5. Professional Licenses – Most professional licenses are not affected by bankruptcy, but it’s worth checking with your specific licensing board.

However, it’s important to note that bankruptcy doesn’t automatically disqualify you from any job. Many employers focus more on your skills, experience, and qualifications rather than your financial history.

Remember, a past bankruptcy isn’t automatically a bad thing. Many employers recognize that people face financial difficulties and that bankruptcy can be a responsible step toward securing a more stable financial future.

What Jobs Does Bankruptcy Affect?

It is important to understand that while bankruptcy doesn’t impact all professions equally, certain fields are more sensitive to an individual’s financial history. Here’s an overview of the jobs and industries that may be more significantly affected by bankruptcy:

Completely Prohibited Positions During Bankruptcy

Some roles are completely off-limits to individuals who are currently bankrupt. These positions include:

  1. Charity trustee
  2. Company director
  3. Insolvency practitioner
  4. Justice of the peace
  5. Registrar of births, marriages, and deaths
  6. MOT authorized examiner
  7. Consumer credit license holder

If bankruptcy restrictions are extended, individuals may be lined from:

  • Local or national government positions (e.g., councilor or MP)
  • School governor roles
  • Magistrate positions

Financial Sector Jobs

The financial industry is particularly sensitive to bankruptcy history due to the nature of handling money and financial responsibilities. This includes positions such as:

  1. Accountants
  2. Financial advisors
  3. Mortgage brokers
  4. Stockbrokers
  5. Bank tellers and managers

These roles often require a high level of financial responsibility and trust. That’s why the history of bankruptcy is a potential concern for employers.

Legal Professions

The legal field can be particularly sensitive to bankruptcy. This includes:

  1. Solicitors
  2. Legal executives
  3. Paralegals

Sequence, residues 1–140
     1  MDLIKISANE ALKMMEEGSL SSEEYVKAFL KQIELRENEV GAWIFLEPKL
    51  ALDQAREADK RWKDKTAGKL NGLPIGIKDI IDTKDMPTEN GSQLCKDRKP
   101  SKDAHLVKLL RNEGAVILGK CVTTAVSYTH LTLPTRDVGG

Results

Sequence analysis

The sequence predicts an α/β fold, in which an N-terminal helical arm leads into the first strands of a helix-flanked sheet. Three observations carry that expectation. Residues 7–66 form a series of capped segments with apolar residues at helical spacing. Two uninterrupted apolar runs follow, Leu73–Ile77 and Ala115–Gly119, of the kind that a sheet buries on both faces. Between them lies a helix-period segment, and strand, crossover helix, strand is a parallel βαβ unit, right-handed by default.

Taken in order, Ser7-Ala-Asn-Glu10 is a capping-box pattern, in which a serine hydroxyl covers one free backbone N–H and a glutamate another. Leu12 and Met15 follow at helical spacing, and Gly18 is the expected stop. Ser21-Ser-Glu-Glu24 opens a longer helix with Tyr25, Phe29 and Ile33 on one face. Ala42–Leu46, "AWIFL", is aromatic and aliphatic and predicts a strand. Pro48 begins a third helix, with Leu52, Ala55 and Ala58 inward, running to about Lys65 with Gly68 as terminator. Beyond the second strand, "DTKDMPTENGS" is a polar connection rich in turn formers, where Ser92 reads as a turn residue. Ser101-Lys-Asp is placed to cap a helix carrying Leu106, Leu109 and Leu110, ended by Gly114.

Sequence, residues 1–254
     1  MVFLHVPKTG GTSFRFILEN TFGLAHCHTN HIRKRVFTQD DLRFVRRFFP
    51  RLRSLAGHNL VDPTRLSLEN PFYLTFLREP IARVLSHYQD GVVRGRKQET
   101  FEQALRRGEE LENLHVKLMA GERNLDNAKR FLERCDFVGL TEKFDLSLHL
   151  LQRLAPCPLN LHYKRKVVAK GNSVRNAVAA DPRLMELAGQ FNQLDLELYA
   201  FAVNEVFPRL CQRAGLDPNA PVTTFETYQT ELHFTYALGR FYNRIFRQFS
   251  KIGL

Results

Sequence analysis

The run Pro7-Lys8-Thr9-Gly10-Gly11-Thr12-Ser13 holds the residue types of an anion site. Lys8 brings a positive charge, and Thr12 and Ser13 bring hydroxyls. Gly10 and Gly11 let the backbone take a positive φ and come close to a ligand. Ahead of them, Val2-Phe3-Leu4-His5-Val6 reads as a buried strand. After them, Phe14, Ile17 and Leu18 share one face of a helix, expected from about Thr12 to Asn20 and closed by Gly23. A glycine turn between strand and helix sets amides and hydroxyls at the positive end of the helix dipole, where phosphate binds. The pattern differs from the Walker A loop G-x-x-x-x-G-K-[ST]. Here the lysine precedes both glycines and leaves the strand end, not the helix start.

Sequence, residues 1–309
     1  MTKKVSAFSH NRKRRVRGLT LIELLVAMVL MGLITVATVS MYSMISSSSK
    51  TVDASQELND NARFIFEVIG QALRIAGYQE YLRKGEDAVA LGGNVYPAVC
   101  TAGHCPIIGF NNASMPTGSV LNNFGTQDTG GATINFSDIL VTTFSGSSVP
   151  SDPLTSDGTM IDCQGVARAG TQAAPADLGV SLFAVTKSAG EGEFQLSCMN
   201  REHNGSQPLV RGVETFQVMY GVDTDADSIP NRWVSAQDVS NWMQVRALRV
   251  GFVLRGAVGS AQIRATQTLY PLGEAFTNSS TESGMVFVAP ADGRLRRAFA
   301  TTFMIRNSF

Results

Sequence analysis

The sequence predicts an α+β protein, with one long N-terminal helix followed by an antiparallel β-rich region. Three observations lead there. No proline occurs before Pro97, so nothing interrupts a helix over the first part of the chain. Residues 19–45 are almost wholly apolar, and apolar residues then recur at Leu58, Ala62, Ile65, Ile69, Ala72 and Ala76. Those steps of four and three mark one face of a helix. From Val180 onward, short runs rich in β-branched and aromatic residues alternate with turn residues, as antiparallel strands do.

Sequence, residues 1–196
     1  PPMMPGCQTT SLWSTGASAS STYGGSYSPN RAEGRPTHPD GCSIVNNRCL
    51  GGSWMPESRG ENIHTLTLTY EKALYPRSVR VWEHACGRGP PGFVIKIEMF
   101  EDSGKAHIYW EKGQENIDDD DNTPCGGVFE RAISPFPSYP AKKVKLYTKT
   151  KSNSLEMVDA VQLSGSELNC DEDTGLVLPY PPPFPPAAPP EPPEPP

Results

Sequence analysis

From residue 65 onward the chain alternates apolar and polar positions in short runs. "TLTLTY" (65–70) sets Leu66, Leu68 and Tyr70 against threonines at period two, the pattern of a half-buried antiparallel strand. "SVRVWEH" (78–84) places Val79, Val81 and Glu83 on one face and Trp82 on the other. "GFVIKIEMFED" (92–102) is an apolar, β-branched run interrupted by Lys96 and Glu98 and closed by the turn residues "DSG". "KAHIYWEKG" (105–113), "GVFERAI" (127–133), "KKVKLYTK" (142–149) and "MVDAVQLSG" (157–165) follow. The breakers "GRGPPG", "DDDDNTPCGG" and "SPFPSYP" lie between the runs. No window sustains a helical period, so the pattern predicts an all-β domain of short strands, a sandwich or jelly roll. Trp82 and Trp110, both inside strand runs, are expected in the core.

Many bar associations have strict guidelines regarding the financial standing of their members.

Government and Public Service Roles

Certain public service positions may be affected, including:

  1. Elected officials (e.g., MPs, councilors)
  2. Magistrates
  3. School governors
  4. Registrars of births, marriages, and deaths

Security and Law Enforcement

Jobs requiring high levels of trust and security clearance can be impacted:

  1. Police officers
  2. Armed forces personnel
  3. Security guards
  4. Positions requiring security clearances

Regulatory and Oversight Positions

Some specialized roles are explicitly restricted for individuals in bankruptcy:

  1. Insolvency practitioners
  2. Charity trustees
  3. Company directors
  4. Consumer credit license holders

Licensed Professions

Various licensed professions may have restrictions or additional scrutiny:

  1. Medical professionals (doctors, dentists)
  2. Real estate agents and property managers
  3. Pub licensees
  4. MOT authorized examiners

It is important to note that the impact of bankruptcy on these professions can vary. Some may face outright restrictions during the bankruptcy period, while others may experience increased scrutiny or potential limitations. The duration of these effects often depends on whether an individual is an undischarged bankrupt or has been discharged.

For many other professions, bankruptcy may have little to no direct impact on employment. While bankruptcy can affect certain jobs more than others, it doesn’t necessarily mean permanent career limitations.